Field Inhomogeneity and Noise Bias on the Quantification of Low-Fat Fraction

Water-fat separation using the Dixon method relies on a phase difference that evolves as a result of chemical shift difference between water and fat. When the absolute signal intensities per pixel are used, the exact spectrometer frequency has no influence on the result, but a noise bias is created due the nonzero means of the magnitude of the noise signal. For an offset frequency Ψ the phases of the IP and OP signals are

  • equation image(6)
  • equation image(7)

where TEIP and TEOP are the TEs at IP and OP, respectively. The offset generated phase term is irrelevant if we use the absolute signals, which still have IP and OP fat signals that respectively add and subtract relative to the water signal. Assuming T*2wT2f* = T2c* , EIP = e equation image, and EOP = e equation image, then

  • equation image(8)
  • equation image(9)

Hence, the IP and OP images are altered by the T*2 effect, not the field inhomogeneity. The fat and water images are reconstructed based on the magnitude images. The noise bias is introduced in the calculation of myocardial fat fraction because of the low fat signal in the fat images. We proposed to correct this bias by the “Magnitude discrimination” (24) method, in which the fat fraction is defined as η = 1 − [Sw/(Sf + Sw)], with the hypothesis that the water images have high signal to noise ratio (SNR).

MATERIALS AND METHODS

  1. Top of page
  2. Abstract
  3. THEORY
  4. MATERIALS AND METHODS
  5. RESULTS
  6. DISCUSSION
  7. Acknowledgements
  8. APPENDIX
  9. REFERENCES

Study Population

The institutional review board at our institution approved all experimental protocols, and participants provided written informed consent. Forty-six subjects were included in the study: 24 women, 22 men. Inclusion criteria included age ≥18 years, absence of acute or chronic disease, absence of personal history and symptoms of cardiac disease, normal physical examination and normal electrocardiogram.

Myocardial Imaging and Spectroscopy

All studies were performed on a 3.0-T MR scanner (Trio Tim; Siemens, Erlangen, Germany) with a six-channel anteriophased-array torso coil and corresponding posterior coil elements resulting in 12 channels of data. To measure left ventricular function, the heart was imaged in short-axis orientation, using a retrospectively gated fast gradient echo sequence. Imaging parameters were TR/TE: 7.3/3.4 ms, slice thickness: 8 mm, field of view: 360 mm, matrix: 256 × 192, temporal resolution: 78 ms. The short-axis view, along with the two- and four-chamber views, was used to position the spectroscopic volume (6- to 8-mL voxel) within the interventricular septum. Participants were instructed to hold their breath at end expiration during imaging and breathe normally during spectroscopy. Myocardial 1H-MRS spectra were obtained with electrocardiogram gating during diastole, with navigator gating using a single voxel point-resolved spectroscopy sequence, TR/TE = 1R-R/30 ms. The navigator was placed across the liver-lung interface. For reliable measurement of the low-fat signals with adequate receiver gain and also to prevent the distorted spectrum due to digitization noise, one spectrum (32 averages) was recorded with WET (water suppression enhanced through T1 effects) water suppression, with 1024 data points collected over a 1000-Hz spectral width. Another spectrum (four averages) was recorded with the water suppression RF pulse power set to zero. Outer volume suppression using saturation bands was applied to exclude the lipids from ventricular blood flow and epicardial triglycerides. Scan time was 15-20 min for 1H-MRS, including positioning, shimming, and acquisition (5-10 min).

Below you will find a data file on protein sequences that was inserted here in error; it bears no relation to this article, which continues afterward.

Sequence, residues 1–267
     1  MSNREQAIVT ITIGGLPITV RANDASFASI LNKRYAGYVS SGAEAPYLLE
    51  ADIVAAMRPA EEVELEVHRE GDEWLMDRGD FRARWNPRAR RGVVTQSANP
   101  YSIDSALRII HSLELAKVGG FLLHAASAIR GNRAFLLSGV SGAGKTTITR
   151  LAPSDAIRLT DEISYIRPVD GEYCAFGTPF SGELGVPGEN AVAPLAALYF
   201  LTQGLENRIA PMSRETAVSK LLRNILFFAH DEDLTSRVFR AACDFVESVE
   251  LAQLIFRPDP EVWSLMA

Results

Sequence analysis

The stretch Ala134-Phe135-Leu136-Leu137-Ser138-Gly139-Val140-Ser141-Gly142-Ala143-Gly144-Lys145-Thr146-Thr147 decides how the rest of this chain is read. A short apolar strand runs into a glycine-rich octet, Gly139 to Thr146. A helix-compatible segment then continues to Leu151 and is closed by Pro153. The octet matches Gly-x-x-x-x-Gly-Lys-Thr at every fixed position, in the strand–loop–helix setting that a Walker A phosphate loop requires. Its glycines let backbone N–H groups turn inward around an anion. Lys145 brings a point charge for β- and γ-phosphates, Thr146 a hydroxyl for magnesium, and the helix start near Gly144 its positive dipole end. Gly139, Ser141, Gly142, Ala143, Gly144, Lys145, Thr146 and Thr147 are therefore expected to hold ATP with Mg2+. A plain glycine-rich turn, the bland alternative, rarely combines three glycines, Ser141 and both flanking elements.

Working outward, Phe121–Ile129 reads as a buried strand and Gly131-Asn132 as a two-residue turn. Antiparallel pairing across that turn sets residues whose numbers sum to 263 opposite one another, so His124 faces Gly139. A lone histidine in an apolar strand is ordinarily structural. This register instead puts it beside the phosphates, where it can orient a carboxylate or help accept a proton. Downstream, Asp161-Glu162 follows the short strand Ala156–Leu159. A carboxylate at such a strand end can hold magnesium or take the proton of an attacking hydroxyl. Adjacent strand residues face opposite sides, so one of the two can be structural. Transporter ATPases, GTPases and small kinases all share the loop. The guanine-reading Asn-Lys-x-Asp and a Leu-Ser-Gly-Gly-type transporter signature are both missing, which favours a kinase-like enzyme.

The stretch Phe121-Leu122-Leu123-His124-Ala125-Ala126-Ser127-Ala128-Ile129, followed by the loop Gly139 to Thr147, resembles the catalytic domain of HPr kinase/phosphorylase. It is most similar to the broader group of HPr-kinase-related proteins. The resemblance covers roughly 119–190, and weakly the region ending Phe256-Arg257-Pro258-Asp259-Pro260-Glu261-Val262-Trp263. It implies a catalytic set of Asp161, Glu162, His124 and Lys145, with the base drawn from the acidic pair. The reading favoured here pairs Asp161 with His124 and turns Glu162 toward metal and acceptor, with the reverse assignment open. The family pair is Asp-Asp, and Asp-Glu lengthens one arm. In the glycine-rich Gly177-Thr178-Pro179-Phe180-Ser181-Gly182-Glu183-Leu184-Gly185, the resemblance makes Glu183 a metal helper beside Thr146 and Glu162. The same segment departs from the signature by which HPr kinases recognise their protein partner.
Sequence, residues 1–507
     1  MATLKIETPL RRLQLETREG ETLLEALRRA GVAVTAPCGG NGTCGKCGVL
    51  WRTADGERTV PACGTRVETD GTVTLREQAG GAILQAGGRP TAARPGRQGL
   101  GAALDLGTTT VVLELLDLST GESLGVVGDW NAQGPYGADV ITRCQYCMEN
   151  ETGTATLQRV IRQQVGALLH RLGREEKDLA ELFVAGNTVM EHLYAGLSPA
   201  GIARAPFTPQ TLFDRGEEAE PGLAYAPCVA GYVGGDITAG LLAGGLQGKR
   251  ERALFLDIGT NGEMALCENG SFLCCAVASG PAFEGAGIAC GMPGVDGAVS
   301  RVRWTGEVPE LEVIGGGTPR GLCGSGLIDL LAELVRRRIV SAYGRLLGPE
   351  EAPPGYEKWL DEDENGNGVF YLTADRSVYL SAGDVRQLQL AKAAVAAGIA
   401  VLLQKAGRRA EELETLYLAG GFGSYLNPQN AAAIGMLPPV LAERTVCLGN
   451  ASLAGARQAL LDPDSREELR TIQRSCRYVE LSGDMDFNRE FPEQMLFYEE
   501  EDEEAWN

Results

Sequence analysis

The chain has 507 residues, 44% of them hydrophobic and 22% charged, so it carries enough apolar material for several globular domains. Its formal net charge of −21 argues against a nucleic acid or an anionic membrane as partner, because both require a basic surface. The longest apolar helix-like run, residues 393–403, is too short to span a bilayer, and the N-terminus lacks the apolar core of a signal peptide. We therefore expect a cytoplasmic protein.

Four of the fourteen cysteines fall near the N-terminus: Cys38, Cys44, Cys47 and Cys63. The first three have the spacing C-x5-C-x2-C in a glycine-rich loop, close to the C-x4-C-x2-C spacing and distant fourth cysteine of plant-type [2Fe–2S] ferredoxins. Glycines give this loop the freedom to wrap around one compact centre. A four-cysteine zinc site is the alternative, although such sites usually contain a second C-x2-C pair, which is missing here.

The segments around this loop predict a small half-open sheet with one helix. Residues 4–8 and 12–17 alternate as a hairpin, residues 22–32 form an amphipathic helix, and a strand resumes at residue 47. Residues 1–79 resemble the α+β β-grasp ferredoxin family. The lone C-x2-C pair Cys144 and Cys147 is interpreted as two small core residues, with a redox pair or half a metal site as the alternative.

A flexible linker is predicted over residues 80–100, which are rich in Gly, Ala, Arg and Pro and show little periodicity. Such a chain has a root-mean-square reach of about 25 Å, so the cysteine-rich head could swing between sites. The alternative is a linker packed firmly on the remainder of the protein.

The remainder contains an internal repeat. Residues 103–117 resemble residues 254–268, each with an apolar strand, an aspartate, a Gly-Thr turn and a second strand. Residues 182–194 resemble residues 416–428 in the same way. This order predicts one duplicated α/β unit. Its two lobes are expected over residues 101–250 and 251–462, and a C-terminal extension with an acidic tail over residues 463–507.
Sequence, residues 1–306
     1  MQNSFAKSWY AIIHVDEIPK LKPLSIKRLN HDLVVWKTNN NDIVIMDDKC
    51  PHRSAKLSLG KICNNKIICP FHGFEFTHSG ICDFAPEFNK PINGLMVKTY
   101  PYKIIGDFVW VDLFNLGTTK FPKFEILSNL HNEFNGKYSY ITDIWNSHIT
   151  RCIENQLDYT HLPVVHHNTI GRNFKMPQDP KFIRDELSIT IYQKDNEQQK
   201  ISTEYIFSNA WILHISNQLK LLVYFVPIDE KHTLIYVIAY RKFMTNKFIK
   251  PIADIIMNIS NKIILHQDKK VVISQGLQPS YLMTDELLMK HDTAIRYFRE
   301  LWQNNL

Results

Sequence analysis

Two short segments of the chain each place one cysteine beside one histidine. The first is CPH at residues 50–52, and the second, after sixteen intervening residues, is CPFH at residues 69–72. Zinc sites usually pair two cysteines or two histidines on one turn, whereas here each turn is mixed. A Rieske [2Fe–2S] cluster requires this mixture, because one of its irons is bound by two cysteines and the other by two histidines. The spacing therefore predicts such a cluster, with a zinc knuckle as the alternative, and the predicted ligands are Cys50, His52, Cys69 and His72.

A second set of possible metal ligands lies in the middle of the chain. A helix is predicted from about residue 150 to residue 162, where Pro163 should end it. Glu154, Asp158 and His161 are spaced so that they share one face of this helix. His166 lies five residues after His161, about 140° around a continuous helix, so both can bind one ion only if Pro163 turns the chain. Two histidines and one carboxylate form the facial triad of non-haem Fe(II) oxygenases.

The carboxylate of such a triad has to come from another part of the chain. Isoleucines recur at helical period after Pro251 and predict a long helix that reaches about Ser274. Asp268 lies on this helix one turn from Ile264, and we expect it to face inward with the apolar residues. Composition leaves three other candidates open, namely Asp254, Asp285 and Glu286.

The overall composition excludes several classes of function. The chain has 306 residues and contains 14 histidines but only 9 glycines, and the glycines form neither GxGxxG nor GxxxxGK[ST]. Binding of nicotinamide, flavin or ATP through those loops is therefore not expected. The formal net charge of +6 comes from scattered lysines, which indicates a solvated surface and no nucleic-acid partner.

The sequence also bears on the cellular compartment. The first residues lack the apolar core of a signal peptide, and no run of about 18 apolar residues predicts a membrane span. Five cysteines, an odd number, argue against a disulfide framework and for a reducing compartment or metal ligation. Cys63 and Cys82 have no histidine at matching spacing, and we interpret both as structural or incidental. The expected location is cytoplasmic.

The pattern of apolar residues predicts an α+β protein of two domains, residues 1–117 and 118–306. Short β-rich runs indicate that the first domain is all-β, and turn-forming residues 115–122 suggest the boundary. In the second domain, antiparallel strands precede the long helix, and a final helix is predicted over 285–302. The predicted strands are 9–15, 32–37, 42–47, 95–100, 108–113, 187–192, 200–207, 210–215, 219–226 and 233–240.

The same four-chamber view used for 1H-MRS was used to acquire a dual-echo SPGR sequence with a bipolar gradient to achieve the desired TE times. Imaging parameters were TR/TE (In, Out) = 6.3/2.46, 3.69 ms, slice thickness: 8 mm, field of view: 360 mm, matrix: 192 × 144 with electrocardiogram-gated image acquisition in late diastole. The receiver bandwidth was set to 1130 Hz/pixel to reduce water-fat shifts in the readout direction to less than half a pixel. The flip angle was limited to 15° to reduce the effects of T1 weighting caused by the short TR and varying relaxation delays due to the electrocardiogram gating. The breath-hold acquisition time was less than 15 sec, depending on the heart rate. For estimation of T*2, additional images were acquired at 10 different TEs (2.46-16 ms). Images of a water phantom were acquired using the same protocol with simulated heart rate of 60 beats per minute to test the pulse sequence, reconstruction, and correction algorithm of the two-point Dixon technique.

Analysis

Left ventricular volumes and mass were determined at end diastole from endocardial and epicardial contours traced on 12 adjacent short-axis slices using commercially available software (QMass, Medis, The Netherlands). Spectral analysis was done offline using Java-based MR user interface (jMRUI version 3.0 software; developed by A. van den Boogaart, Katholieke Universiteit Leuven, Leuven, Belgium) (28). After removal of residual water by subtraction of Hankel Lanczos singular values decomposition, estimated water signals were fitted by the advanced method for accurate robust and efficient spectral fitting (29), with the assumption of gaussian curves. Resonance frequency estimates of lipids at 0.9 and 1.3 ppm were summed to quantify myocardial triglycerides content and related to accurate robust and efficient spectral fitting estimated water in unsuppressed spectra (30). Myocardial fat fraction was calculated as the ratio of myocardial triglycerides to water content and reported as a percentage. Fat fraction was expressed as the mean ± standard deviation of multiple measurements.